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Creek at the river road crossing. It was intended. General
Hancock says, that General Barlow should attack near Fus-


sell's mill -with the greater portion of two divisions, when by
mere weight of numbers he would have broken through the
enemy's Une, which at that point was thinly held ; but that
he extended from Mott's right to the vicinity of Fussell's (a
distance, according to the maps, of nearly a mile and a half),
through thick woods, and about four o'clock assaulted with
only one brigade (of Gibbon's division), and made several
unsuccessful attempts upon the enemy's line ; that General
Barlow's personal example to the troops was all that could
be expected or desired from his well-known gallantry and
devotion to duty, but was of no avail. He adds that Gen-
eral Barlow's report reflects but little credit on the troops,
and attributes their failure to respond to the leading of their
commander, to the large number of new men among them,
and the small number of experienced officers left to com-
mand them.' To meet General Barlow's threatening move-
ment, the enemy weakened their right, opposite Birney,
to such an extent that he was able to seize a part of their
line with trifling loss, capturing four guns, but could get
no further. Gregg advanced well up the Charles City

During the night the greater part of Birney's cominand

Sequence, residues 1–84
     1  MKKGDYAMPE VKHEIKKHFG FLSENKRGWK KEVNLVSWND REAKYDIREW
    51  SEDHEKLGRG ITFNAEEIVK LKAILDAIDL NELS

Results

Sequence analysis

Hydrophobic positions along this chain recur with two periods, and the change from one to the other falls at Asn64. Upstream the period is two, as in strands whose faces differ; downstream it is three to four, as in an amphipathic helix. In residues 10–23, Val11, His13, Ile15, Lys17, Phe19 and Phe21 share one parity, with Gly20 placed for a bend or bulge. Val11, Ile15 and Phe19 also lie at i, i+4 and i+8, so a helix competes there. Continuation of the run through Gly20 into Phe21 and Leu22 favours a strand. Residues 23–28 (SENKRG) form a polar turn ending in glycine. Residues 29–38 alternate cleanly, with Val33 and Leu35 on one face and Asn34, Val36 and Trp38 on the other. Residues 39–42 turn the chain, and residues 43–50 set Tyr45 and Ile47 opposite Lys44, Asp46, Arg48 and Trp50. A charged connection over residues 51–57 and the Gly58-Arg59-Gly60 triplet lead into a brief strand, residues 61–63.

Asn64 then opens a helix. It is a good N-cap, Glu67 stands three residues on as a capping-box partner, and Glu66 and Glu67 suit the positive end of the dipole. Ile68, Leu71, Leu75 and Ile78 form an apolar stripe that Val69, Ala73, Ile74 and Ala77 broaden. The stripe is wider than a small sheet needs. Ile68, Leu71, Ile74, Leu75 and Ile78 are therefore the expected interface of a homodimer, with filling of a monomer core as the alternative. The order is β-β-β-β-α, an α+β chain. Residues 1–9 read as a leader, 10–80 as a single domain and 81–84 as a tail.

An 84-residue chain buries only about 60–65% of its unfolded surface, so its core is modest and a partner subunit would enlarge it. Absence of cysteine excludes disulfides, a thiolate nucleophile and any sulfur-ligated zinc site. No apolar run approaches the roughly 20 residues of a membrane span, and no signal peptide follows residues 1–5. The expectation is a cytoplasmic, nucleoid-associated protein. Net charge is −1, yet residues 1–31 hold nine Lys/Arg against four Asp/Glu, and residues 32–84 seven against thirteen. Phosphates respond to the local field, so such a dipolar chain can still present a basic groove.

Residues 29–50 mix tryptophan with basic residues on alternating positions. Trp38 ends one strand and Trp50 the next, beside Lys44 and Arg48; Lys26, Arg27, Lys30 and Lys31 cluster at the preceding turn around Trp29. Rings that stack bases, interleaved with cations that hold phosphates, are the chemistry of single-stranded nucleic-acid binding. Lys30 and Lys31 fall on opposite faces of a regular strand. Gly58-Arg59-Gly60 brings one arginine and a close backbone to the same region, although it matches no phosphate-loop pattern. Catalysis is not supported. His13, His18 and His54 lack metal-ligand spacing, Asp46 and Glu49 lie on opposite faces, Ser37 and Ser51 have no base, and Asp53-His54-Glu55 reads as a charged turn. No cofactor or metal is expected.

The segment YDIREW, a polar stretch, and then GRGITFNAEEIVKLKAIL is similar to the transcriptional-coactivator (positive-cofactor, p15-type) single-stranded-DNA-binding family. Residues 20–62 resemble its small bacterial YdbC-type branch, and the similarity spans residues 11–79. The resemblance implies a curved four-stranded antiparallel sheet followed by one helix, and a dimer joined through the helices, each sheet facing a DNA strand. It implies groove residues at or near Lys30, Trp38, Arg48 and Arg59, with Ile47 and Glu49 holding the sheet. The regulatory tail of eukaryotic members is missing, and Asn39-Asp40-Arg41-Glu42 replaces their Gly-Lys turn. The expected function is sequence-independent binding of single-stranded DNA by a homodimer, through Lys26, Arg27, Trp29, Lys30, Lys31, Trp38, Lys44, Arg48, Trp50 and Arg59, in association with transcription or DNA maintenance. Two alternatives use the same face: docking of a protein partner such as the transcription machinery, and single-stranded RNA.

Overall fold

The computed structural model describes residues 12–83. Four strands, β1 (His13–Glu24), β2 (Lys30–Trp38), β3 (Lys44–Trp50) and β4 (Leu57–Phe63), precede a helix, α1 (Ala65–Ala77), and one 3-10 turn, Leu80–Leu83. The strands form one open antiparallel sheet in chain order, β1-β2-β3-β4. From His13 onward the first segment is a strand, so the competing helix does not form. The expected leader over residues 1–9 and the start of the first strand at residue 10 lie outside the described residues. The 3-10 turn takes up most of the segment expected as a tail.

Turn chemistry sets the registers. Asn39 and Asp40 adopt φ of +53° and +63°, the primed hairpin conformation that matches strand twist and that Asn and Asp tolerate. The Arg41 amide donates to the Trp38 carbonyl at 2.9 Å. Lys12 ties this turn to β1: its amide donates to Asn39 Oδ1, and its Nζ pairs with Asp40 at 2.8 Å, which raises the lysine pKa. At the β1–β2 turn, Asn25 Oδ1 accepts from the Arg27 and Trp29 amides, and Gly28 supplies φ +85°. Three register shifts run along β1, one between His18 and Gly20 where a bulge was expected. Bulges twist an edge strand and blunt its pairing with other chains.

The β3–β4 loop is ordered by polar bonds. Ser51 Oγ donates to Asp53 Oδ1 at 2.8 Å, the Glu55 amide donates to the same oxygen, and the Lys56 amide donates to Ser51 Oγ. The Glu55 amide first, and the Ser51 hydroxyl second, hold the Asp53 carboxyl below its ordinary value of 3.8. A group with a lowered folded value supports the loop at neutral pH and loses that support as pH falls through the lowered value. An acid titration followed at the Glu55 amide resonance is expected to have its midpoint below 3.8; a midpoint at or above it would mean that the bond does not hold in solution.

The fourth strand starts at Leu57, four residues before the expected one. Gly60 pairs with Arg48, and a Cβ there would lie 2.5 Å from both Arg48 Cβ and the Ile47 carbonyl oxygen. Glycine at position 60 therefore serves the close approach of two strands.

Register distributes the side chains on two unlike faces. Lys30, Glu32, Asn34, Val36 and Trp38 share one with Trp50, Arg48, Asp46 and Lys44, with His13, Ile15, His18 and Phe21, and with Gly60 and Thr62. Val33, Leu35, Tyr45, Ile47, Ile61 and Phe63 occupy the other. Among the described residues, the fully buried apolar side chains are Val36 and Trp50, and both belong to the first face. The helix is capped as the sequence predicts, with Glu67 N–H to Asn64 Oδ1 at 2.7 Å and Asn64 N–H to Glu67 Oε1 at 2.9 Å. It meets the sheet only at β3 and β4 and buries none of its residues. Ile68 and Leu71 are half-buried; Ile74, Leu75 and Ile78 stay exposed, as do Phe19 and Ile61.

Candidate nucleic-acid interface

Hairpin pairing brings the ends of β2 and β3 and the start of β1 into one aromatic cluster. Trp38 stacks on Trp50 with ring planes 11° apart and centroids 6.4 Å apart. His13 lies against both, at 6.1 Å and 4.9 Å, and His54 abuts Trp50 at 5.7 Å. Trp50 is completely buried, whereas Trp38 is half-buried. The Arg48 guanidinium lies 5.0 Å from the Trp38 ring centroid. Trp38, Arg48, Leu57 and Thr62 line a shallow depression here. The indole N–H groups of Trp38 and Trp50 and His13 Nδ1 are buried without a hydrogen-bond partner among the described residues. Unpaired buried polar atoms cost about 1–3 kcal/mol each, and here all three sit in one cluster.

with Colonel Craig's brigade of Mott's division was massed
on the right, in the vicinity of Fussell's, and dispositions
were made for him to attack in the morning. Gibbon's
division, Smythe commanding, was massed on Birney's left.
Barlow's near the fork of the Darby and Long bridge roads,
and Mott's on the river-road. Birney was to find the enemy's
left the next morning, and turn it, er, failing in that, to at-
tack. Gregg was to cover the movement on the right. But
General Birney took so wide a circuit to his right between
the Darby and Charles City roads that it was near night be-

1 See the remarks of Gtcneral Gibbon, at the close of the previo^B chapter, upon
the loaa of offlcers and enlisted men in the division.


fore he reported that he had found the enemy's line, but
could not attack before morning.

Birney was ordered to attack on the 16th, and Gregg,
■with Miles's brigade of Barlow's division, to move up the
Charles City road to divert the enemy's force from Birney.

General Gregg advanced at an early hour to the vicinity of
White's tavern (seven miles from Eichmond), driving the
enemy's advanced force of cavalry before him, their com-
mander, General Chambliss, being killed. At ten o'clock
General Terry, with his division of Bimey's corps, and